By Maddy Reddy
On August 12, 1981, IBM unveiled its pioneering Personal Computer. Now 23 years later, Lenovo Group, the largest PC vendor in China will acquire Big Blue's ailing PC manufacturing division for US$1.75 billion to create the world’s third largest PC business.
Lenovo Group, the largest PC vendor in China has confirmed a definitive agreement under which Lenovo will acquire IBM’s Personal Computing division to form the world’s third largest PC business.
The deal involves US$1.25 billion in cash, equity and total transaction consideration of US$1.75 billion. IBM and Lenovo expected the deal to be completed in the second quarter of 2005.
Faced with wafer thin margins of a few percent and aggressive competition from the likes of Dell, HP and other low-cost PC vendors IBM has been fighting a losing battle in the desktop business. However the key point behind the deal is IBM is only exiting the PC manufacturing business, not the PC business per se.
The move is similar to Taiwanese vendor Acer, which does not build any PCs or notebooks and relies totally on third party contract assemblers and manufacturers, brands them through its sales and marketing outfit. The Lenovo-IBM deal is of a similar nature.
IBM's sell out also validates a new report by market research firm Gartner, which recently predicted that with consolidation in the near future, three out of the top 10 PC makers are likely to be forced out of the market by 2007. Gartner also predicts growth in PC shipments will average about 5.7% over the next four years, which is half the rate of the past two years.
Lenovo will have combined annual PC revenue of approximately US$12 billion and volume of 11.9 million units, based on 2003 business results -- a four-fold increase in Lenovo’s current PC business. Lenovo’s new PC business will benefit from a worldwide distribution and sales network covering 160 countries, selling under IBM’s “Think” brand notebook franchise and Lenovo’s brands in China.
As part of the transaction, Lenovo and IBM will enter a broad-based, strategic alliance in which IBM be the preferred services and customer financing provider to Lenovo. The Chinese major will also be the preferred supplier of PCs to IBM, enabling IBM to offer a full range of products to its customers.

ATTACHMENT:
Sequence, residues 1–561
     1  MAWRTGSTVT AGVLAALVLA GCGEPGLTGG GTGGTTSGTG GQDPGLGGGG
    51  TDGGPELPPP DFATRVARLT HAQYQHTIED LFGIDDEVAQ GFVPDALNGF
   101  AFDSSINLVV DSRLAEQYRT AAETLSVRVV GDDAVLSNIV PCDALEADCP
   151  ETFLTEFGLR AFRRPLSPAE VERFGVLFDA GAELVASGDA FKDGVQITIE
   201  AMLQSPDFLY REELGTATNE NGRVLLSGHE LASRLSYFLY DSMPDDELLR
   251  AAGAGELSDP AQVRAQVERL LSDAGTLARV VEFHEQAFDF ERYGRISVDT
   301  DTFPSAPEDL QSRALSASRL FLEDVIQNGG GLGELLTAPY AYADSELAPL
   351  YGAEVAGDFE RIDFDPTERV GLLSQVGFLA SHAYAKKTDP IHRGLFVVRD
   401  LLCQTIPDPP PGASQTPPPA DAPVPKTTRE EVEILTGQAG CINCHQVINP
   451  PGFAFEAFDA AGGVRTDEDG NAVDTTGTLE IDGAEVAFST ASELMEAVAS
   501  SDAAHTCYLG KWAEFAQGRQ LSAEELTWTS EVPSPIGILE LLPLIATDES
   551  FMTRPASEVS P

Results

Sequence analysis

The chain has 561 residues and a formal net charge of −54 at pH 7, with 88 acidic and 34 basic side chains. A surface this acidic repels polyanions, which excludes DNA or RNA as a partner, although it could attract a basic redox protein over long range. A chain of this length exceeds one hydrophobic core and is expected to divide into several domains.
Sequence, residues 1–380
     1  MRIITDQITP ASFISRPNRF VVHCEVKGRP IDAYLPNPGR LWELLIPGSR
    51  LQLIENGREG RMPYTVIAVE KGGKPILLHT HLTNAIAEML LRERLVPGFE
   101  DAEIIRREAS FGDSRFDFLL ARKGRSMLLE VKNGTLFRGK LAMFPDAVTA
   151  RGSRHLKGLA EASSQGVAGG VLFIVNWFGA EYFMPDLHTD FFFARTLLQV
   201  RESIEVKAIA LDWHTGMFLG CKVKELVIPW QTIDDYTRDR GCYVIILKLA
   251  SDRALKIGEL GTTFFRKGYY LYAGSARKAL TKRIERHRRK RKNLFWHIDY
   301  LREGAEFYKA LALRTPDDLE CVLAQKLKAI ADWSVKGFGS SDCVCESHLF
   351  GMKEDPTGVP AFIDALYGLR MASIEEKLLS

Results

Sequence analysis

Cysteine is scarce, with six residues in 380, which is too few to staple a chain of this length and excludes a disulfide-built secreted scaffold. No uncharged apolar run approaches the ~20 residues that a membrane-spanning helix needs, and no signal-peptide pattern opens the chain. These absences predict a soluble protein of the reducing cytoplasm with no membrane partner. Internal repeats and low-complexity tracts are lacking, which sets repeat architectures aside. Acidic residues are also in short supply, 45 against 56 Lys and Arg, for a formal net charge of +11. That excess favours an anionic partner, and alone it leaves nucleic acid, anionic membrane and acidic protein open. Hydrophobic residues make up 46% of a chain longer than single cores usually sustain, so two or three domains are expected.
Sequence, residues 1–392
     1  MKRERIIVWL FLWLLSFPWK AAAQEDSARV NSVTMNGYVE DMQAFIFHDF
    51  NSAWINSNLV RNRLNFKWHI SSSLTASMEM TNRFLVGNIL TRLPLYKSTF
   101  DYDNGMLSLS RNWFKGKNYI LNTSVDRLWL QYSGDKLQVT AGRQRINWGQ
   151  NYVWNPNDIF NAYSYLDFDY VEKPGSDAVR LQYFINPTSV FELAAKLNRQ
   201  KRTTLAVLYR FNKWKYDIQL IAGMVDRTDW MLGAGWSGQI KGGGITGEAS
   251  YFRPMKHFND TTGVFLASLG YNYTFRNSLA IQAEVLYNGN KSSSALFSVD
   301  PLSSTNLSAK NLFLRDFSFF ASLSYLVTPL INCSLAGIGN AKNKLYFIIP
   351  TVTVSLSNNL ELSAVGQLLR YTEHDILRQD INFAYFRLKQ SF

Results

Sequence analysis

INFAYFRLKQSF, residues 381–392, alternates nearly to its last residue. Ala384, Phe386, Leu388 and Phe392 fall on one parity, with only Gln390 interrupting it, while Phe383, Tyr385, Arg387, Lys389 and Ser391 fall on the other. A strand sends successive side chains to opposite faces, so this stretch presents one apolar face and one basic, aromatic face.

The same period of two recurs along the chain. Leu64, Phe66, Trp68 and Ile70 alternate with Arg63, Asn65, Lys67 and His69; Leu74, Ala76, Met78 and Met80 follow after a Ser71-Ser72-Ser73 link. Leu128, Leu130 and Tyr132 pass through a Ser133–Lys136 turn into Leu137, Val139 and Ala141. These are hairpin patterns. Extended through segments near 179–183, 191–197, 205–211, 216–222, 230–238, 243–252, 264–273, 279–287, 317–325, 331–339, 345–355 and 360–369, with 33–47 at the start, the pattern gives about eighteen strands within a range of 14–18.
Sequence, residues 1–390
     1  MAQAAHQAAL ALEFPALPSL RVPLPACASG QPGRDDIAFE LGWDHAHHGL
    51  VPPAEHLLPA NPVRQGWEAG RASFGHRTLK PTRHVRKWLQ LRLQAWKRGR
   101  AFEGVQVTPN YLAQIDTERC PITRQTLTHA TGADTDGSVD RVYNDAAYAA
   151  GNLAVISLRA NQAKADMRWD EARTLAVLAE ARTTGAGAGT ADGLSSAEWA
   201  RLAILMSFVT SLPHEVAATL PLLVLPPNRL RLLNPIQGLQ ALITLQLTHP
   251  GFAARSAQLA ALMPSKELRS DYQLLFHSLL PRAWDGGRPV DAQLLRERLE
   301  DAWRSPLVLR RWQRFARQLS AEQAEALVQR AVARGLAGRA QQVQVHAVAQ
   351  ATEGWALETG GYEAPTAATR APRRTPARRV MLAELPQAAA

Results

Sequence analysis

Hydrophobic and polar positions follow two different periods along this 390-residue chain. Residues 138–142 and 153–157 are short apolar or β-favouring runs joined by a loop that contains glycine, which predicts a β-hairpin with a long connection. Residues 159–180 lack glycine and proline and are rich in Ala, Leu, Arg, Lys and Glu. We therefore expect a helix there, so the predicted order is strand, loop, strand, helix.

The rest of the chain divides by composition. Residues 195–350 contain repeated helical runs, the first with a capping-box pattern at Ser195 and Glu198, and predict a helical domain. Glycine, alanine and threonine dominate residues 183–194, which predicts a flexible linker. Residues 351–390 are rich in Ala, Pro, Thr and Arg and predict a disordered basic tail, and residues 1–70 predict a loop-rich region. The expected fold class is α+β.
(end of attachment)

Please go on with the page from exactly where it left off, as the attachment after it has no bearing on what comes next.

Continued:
Stephen M. Ward, Jr., currently IBM senior vice president, and general manager of IBM’s Personal Systems Group, will serve as the chief executive officer of Lenovo following completion of the transaction.
Yuanqing Yang, currently vice chairman, president and chief executive officer of Lenovo, will serve as the chairman of Lenovo post-transaction.
Chuanzhi Liu, current chairman and founder of Lenovo Group says, “I am excited by this breakthrough in Lenovo’s journey towards becoming an international company. Over the past 20 years, I’ve watched Lenovo develop into the leading IT company both in China and throughout Asia. Since the beginning, however, our unwavering goal has been to create a truly international enterprise.”
IBM will have an 18.9% ownership share in Lenovo Group and is expected to recognise a gain on the sale following completion of the transaction. There will be minimal financial impact resulting directly from the transaction to IBM’s fourth quarter 2004 results.
“Today's announcement further strengthens IBM’s ability to capture the highest-value opportunities in a rapidly changing IT industry," says Samuel J. Palmisano, IBM chairman and chief executive officer. "Over the past several years, we have aggressively repositioned IBM to be the world’s leading provider of innovation-enabled solutions."
While the transaction is being completed, both companies expect their existing PC operations, including customer service and product availability, to continue as usual. Following the closing of the transaction, Lenovo expects customer service and product availability will continue as usual as the two companies’ operations are integrated.
IBM Middle East wasn't available for comment on the impact of the acquistion deal on its regional operations at the time of going to press.